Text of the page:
United Methodist Volunteers, also known as Community Health Workers, are women and men of all ages living in difficult-to-reach places. These frontline workers are trusted community members, having an in-depth understanding of the community they serve. They are also blessed with patience and compassion to alleviate complex medical and social needs.
CHWs are at the core of the UMC Abundant Health Initiative– a global connection striving for mental, physical and spiritual well-being. CHWs tailor their activities according to the context, the need and their training. In most instances, they are usually peers in their community.
This cadre is often the most successful, due to their shared roots and identity with the neighbors with whom they are working. A selected few are trained. If not, they undergo a learning process while they continue supporting their communities. Take the case of Sekai, a Zimbabwean mother of two children. Tragically, she lost four other children to malaria because the religious sect to which she belonged forbade medical treatment. She left that group in sorrow, and in 2014, she was chosen to become a CHW and reach out to her own people. Sekai attends to more women and children from the sect than any other group because she has been one of them. She is trusted and welcomed by the community. Sekai’s clear purpose with malaria is to test, treat and track!
Each CHW in Central Congo’s Maternal, Newborn and Child Health program is responsible for roughly 20 families. Their role is to encourage pregnant women to attend four prenatal visits to know their expected dates of delivery and to give birth at a health facility. CHWs are true bridges between communities and health facilities. The CHWs encourage parents to take their children for immunizations. They ensure children are weighed regularly. They are also equipped to screen all children under 5 years of age for malnutrition. CHWs are not about diagnosis and treating, but rather guiding women and parents to health facilities. The World Health Organization encourages this ongoing linkage to health professionals for best practices.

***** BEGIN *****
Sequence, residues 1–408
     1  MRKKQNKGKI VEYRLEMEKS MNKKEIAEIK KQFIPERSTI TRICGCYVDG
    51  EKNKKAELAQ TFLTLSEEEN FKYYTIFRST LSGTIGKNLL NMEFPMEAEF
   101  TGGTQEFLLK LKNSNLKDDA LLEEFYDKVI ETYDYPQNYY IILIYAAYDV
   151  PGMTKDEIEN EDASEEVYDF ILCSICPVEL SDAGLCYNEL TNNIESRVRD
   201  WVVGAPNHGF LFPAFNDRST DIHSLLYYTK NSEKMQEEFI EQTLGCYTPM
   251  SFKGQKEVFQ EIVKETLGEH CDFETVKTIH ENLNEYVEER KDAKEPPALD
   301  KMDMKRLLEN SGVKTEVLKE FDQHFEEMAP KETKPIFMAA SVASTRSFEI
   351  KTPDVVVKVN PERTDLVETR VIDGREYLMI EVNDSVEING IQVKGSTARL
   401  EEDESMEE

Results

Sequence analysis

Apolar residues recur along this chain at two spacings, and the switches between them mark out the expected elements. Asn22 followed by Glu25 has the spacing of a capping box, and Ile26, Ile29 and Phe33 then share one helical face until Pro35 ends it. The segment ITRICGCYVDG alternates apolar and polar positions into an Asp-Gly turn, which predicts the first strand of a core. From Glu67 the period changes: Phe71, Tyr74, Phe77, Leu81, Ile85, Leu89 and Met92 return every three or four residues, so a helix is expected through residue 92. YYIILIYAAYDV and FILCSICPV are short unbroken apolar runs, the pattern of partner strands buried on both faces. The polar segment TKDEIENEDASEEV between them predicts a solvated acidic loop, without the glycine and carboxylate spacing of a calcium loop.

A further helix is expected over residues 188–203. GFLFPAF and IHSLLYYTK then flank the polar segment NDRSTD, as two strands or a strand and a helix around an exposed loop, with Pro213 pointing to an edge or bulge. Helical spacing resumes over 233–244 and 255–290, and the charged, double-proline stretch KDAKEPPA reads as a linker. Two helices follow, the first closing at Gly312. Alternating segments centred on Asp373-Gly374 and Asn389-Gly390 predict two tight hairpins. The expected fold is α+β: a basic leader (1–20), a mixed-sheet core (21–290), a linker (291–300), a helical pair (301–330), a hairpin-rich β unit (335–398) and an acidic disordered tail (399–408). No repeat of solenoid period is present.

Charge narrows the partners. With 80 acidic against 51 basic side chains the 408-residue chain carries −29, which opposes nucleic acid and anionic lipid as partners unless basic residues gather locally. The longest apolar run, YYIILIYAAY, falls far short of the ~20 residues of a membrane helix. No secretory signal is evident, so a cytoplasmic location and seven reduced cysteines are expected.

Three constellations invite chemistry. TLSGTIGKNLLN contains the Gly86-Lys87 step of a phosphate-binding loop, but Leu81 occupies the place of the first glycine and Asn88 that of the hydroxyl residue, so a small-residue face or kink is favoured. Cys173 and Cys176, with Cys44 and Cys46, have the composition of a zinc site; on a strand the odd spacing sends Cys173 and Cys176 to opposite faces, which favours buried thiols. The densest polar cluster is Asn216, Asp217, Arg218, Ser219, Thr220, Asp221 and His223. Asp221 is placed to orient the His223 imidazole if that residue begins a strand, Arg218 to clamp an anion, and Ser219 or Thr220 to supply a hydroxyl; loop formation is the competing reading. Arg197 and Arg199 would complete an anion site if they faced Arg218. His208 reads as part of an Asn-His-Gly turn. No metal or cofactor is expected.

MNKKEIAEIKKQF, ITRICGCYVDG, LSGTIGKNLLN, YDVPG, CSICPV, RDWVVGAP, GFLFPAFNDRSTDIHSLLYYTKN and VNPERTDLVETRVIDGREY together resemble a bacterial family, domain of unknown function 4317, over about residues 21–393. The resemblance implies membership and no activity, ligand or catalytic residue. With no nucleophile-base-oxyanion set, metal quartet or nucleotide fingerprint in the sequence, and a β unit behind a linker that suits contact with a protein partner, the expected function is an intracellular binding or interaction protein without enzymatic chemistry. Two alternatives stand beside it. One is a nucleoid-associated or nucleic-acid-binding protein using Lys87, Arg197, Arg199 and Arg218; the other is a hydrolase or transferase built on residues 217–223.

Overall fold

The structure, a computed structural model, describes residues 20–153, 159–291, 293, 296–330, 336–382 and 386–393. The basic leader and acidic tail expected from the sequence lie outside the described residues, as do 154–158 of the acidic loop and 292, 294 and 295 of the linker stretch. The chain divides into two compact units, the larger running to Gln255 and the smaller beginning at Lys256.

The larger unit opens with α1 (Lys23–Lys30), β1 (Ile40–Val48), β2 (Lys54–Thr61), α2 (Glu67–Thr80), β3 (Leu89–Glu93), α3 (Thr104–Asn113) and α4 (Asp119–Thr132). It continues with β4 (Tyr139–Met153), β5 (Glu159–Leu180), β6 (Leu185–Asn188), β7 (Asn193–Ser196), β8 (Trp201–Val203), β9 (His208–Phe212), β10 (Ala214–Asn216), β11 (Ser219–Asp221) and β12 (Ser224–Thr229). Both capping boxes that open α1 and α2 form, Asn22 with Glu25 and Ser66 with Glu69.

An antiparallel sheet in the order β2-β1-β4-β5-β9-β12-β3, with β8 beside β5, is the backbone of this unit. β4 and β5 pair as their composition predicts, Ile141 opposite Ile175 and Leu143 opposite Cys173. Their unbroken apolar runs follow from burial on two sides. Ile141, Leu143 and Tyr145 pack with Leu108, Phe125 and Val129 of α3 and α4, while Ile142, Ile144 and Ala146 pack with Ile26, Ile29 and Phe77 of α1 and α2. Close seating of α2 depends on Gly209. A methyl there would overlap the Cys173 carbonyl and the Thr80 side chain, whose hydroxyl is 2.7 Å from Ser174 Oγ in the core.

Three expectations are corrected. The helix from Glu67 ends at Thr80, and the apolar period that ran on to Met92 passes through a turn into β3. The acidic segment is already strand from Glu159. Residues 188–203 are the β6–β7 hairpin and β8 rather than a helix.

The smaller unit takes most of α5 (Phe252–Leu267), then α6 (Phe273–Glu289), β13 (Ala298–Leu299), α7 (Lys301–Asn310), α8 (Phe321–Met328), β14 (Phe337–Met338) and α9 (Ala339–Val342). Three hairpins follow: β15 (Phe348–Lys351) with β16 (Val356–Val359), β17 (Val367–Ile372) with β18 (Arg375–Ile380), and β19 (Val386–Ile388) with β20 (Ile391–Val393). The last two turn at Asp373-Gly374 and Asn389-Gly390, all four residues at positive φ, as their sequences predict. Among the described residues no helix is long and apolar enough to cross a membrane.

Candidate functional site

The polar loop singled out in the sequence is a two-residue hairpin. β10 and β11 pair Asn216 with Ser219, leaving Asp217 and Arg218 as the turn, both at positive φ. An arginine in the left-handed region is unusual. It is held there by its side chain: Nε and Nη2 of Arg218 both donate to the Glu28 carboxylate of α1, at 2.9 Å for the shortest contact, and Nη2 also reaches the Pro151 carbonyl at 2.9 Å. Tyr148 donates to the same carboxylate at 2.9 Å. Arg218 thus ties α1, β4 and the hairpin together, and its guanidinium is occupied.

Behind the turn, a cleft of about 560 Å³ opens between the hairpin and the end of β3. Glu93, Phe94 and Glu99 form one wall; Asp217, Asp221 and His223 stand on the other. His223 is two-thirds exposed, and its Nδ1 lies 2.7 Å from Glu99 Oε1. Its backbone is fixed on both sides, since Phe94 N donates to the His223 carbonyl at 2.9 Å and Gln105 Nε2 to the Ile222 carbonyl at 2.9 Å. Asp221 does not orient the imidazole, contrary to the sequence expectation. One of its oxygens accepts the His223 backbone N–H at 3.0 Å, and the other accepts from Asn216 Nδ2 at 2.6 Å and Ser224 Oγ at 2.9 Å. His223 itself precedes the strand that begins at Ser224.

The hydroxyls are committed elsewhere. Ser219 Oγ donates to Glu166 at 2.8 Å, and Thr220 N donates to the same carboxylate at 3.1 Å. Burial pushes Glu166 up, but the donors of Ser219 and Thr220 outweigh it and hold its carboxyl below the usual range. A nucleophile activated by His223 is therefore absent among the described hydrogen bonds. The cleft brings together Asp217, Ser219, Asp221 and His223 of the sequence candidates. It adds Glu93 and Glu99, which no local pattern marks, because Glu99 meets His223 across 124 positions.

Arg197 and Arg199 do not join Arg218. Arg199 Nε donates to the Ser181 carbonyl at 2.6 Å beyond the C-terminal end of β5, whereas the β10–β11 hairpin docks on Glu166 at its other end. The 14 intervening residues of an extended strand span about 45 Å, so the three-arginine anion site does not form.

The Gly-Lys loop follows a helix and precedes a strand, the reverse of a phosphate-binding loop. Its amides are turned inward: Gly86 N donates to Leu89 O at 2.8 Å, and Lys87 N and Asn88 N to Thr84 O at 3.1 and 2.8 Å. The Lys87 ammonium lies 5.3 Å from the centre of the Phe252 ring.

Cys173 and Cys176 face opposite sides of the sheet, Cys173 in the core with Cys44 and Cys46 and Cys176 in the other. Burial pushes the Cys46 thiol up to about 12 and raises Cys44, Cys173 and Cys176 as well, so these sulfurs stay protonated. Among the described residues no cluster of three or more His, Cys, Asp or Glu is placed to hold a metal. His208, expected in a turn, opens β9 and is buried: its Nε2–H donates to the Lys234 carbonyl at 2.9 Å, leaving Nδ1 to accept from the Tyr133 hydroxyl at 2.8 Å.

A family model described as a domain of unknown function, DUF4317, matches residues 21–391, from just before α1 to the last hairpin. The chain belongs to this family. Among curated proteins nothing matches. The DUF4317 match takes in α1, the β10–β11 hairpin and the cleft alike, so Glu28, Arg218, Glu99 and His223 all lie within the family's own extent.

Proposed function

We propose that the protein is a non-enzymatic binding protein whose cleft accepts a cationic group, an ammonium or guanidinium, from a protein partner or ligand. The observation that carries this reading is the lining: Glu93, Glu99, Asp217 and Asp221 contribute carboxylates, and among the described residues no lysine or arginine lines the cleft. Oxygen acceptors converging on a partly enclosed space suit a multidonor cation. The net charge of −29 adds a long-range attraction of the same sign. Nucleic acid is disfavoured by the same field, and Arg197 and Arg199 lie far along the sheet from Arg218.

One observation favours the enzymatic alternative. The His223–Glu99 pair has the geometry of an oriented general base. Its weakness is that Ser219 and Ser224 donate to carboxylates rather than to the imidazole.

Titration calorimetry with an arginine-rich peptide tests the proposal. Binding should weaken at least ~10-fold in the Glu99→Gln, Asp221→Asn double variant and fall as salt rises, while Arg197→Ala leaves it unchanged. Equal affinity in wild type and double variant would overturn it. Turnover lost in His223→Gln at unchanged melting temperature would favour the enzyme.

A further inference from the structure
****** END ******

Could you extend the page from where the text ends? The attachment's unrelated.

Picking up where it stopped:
The role of CHWs in the autonomous region of Nicaragua is more comprehensive. They are an intrinsic component of the health system because few health facilities and communities are dispersed across a large range. Clusters of homes can be reached by foot, boat or horseback. Volunteers in each target community keep an ongoing census of pregnant women and of children under 5 years of age, especially those children who are malnourished or have symptoms of diarrhea, pneumonia or malaria.
Anita Perez is a CHW in Tashba Pri. She is a community midwife of nine years and currently has six pregnant women in her care. This year, she had an internship with the local government. She is responsible for prenatal care and for preparing each mother for delivery, optimally at the health facility. The project supplies her with gloves, alcohol, gauze, a raincoat and a backpack, among other work materials. All this helps because Anita does not receive monetary compensation. “I like the work I do,” she says, “because I help women who need it. … In most cases, I accompany pregnant women to attend maternity homes because they feel safe when I go. What I like the least … are the long walks. … For example, Tungla … is a six-hour walk from here.”
CHWs can and are taking an active role in the delivery of community-based health care closely linked to health facilities. CHWs over time have demonstrated that they can effectively deliver selected maternal, newborn and child health and malaria prevention and treatment. They distribute commodities that were once an exclusive function of formally trained health workers. However, it is always important to consider the ethics of volunteerism – by being respectful and not asking more of these communities, many of whose members are farmers, schoolteachers and mothers.